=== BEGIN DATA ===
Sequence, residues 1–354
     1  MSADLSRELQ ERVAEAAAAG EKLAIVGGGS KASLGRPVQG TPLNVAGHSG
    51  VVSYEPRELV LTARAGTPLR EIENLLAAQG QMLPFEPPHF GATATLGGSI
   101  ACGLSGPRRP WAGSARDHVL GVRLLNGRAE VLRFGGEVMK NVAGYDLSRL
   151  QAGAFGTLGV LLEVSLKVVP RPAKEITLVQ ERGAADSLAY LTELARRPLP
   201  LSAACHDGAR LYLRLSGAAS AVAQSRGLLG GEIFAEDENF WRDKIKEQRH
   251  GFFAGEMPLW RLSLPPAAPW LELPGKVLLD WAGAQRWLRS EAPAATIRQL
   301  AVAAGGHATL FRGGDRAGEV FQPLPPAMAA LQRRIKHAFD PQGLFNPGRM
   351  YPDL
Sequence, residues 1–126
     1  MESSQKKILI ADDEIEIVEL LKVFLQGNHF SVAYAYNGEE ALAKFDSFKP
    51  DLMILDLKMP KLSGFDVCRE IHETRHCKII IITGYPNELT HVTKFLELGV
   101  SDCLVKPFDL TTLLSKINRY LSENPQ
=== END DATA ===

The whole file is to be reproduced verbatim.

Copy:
Sequence, residues 1–354
     1  MSADLSRELQ ERVAEAAAAG EKLAIVGGGS KASLGRPVQG TPLNVAGHSG
    51  VVSYEPRELV LTARAGTPLR EIENLLAAQG QMLPFEPPHF GATATLGGSI
   101  ACGLSGPRRP WAGSARDHVL GVRLLNGRAE VLRFGGEVMK NVAGYDLSRL
   151  QAGAFGTLGV LLEVSLKVVP RPAKEITLVQ ERGAADSLAY LTELARRPLP
   201  LSAACHDGAR LYLRLSGAAS AVAQSRGLLG GEIFAEDENF WRDKIKEQRH
   251  GFFAGEMPLW RLSLPPAAPW LELPGKVLLD WAGAQRWLRS EAPAATIRQL
   301  AVAAGGHATL FRGGDRAGEV FQPLPPAMAA LQRRIKHAFD PQGLFNPGRM
   351  YPDL
Sequence, residues 1–126
     1  MESSQKKILI ADDEIEIVEL LKVFLQGNHF SVAYAYNGEE ALAKFDSFKP
    51  DLMILDLKMP KLSGFDVCRE IHETRHCKII IITGYPNELT HVTKFLELGV
   101  SDCLVKPFDL TTLLSKINRY LSENPQ